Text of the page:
THE MAVERICK businessman who brought unprecedented success to Truro's football club has been made bankrupt at the hands of his former solicitors.
Kevin Heaney stood down as chairman of Truro City Football Club (TCFC) as he was declared bankrupt at Truro County Court on Friday.
The property developer who led the club to a record five promotions in six seasons and victory in the FA Vase at Wembley previously featured on the Sunday Times Rich List.
But in recent months lawyers representing TCFC have repeatedly appeared in London's High Court over claims for outstanding taxes from Her Majesty's Revenue and Customs (HMRC).
In June Mr Heaney disputed a £645,000 High Court claim against the club from Threemilestone-based legal firm Follett Stock.
It is thought the claim may stem from an agreement in June 2009 whereby Tiger Commercial (Truro) Ltd was licensed to use the Truro City name and 3,500-capacity ground at Treyew Road.
Chris Lingard, managing partner at Follett Stock, is a director of Tiger Commercial (Truro) Ltd and previously represented Mr Heaney.
A spokesman for the Official Receiver confirmed Follett Stock LLP was the petitioner in the bankruptcy hearing.
Mr Heaney would have been presented with a petition for bankruptcy on August 1 and given 23 days to contest it.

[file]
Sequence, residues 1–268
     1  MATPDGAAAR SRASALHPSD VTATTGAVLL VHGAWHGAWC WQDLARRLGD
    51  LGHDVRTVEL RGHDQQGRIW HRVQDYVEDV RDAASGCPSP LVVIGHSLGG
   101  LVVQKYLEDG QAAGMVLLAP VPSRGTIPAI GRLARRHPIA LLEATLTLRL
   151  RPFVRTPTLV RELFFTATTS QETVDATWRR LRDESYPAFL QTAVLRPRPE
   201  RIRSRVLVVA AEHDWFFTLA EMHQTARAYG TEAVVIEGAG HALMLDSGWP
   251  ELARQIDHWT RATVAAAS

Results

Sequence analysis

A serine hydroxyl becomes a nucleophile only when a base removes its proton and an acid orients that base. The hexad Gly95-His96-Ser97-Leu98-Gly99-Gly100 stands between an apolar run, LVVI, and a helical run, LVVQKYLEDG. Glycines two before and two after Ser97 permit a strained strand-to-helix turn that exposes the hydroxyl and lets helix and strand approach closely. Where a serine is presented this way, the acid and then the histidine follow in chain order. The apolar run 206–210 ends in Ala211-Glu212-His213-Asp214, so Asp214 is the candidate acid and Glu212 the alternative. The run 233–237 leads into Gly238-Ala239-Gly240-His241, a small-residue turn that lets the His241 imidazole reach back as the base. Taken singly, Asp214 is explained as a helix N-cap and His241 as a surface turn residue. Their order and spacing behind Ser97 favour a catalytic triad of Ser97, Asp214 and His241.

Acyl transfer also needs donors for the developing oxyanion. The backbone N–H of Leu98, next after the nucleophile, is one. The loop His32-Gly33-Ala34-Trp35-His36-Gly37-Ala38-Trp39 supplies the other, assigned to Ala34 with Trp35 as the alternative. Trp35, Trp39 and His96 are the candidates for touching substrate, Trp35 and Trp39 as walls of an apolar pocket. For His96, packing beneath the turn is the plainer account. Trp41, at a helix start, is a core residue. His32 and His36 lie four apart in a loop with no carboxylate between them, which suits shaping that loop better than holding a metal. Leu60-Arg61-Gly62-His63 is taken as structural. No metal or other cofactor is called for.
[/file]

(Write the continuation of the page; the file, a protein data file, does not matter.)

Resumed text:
He will now have to explain the causes for his bankruptcy to the Official Receiver in Plymouth. At that meeting he must also list all creditors that he is aware of.
As revealed by the West Briton, the club and the ground was sold last month to Jojo Investco Ltd for £2.28 million.
A covenant is believed to require a suitable space be provided for the club to continue if the ground is developed.
Mr Heaney has not been available for comment for several weeks. A statement cited "illness" as his reason for resigning as chairman.
Mr Lingard, a spectator at Treyew Road on Saturday, said: "Speaking both personally and for Follett Stock, I would happily agree to write off sums due from the club itself if that could be brought about.
"I also believe a group of businesspeople might be prepared to pledge an amount of money each year to help meet the running costs with the balance being met by sponsorship and the gate receipts.
"In that way stability could be achieved and the continuous lurch from one crisis to another avoided."